Headings should be selected based on their hierarchy in the document. Start the page with a heading that describes overall document content (Heading 1). Follow it with sub-headings (Heading 2) and sub sub-headings (Heading 3), etc.. Items of equal importance should be equal level headings, and heading levels should not be skipped (i.e., a Heading 3 can't be the first heading after Heading 1; Heading 2 can't be skipped).
By default, Heading 1 and Heading 2 can be seen and selected in the Styles section of the Home ribbon in Word. Select the text you wish to make a heading, then left-click the heading level you wish to assign to this text. Word will automatically add Heading 3 to the menu after Heading 2 is used in a document (Heading 4 will be added after Heading 3 is used, and so on through Heading 9).
To ensure that a screen reader interprets your column headings as headings, it is important to make sure that you set these as such. When creating a new table, the way to do this is to select the range of data that you want to call a table and then select the Format as Table option under the home tab in the top navigation.
After clicking this option, a menu box will appear. Confirm that your range is correct and then check the My table has headers checkbox.
To do this for a table that already has been determined to be a table, left-click anywhere in the table. Once this is done, simply check the Header Row option in the top menu navigation.
To add headings to other regions in Excel, and to use styles, open up the Cell Styles menu in the top navigation. As in Microsoft Word, you can right click any of these options and modify them to appear as you want them to appear. Do not use solely color to indicate information or change in style.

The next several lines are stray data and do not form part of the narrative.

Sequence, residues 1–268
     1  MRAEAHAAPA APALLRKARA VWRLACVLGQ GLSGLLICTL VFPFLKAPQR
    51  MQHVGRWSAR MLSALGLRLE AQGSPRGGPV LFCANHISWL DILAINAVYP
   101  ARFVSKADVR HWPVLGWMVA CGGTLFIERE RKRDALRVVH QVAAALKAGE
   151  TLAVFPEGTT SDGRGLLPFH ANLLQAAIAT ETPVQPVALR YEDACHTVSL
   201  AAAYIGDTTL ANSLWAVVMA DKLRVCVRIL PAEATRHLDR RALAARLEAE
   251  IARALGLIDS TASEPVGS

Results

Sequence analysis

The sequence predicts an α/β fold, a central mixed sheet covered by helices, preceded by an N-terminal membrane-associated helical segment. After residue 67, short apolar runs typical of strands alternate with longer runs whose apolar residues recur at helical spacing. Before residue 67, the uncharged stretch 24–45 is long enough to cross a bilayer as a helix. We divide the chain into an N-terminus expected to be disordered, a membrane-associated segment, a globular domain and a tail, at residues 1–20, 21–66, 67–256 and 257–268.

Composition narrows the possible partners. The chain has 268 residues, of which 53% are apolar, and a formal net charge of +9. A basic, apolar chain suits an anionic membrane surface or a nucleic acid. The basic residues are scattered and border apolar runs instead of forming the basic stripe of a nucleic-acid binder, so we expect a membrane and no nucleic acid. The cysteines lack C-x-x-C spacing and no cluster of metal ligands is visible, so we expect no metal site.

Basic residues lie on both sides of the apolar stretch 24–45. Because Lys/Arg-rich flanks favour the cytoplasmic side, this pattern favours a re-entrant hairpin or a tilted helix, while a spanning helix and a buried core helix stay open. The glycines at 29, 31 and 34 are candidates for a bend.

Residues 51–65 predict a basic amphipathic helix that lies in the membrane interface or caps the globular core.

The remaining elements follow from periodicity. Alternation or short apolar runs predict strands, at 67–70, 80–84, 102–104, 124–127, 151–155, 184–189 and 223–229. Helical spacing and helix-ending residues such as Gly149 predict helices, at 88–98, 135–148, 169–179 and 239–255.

Naming Cell Sections
The purpose of naming cell sections is so that a screen reader user can quickly identify the purpose of sections in Excel sheets. Users can use Ctrl + G to open up a dialog box which details all of the defined Cell section names. By selecting a section, a user can quickly jump to this section. Because this navigation is based off of title of a section, it is important to provide descriptive titles that someone who is not familiar with the document can use to quickly navigate.
To name a section of cells, select a range of cells and then click on Formulas in the top menu navigation and then select the Define Name option.
Enter an appropriate title for the section into the Name field and then define the scope (note that the name field does not allow spaces to be used). Defining the scope will determine which sheets are affected by this section. If you select Workbook here then all sheets will have this section in them. Select an appropriate sheet or the Workbook option and then double-check your number range. Do not enter any content into the Comments field.
Now when using the Ctrl + G navigation area, you can see the sections that are in the document and quickly jump to them.
Sheets should also have descriptive names. To rename a sheet in Excel, simply double click on the sheet name in the lower-left-hand-corner (or right-click and select Rename). Try to provide a name which will give readers enough context to understand the entirety of the content on the sheet. If this is impossible, it might be appropriate to split the content you have into two or more different sheets.
It is essential that appropriate contrast exist between text and the background. In general, lightly colored text should have a darker background and darkly colored text should have a light background. For more on how to test the accessibility of your color contrast, see the Color Contrast tutorial (which uses the <span lang="en-GB">Colour Contrast Analyser</span>, a helpful tool for testing your color contrast).
Like Word and Adobe Acrobat Pro, Excel has a built-in accessibility checker. Automated checkers are never fully intuitive, and these checkers cannot understand an author's intent, so just because a workbook checks out okay does not necessarily mean it is an accessible workbook or that it is communicating content the way you want it to.
To access the accessibility checker, left-click the File tab in the upper-left-hand-corner of the page. Then select Info.
Left click the Check for Issues drop-down and select the Check Accessibility option.
A section on the right-side of the document will appear detailing what that machine perceives to be accessibility issues. These results should be interpreted by content creators and issues should be addressed.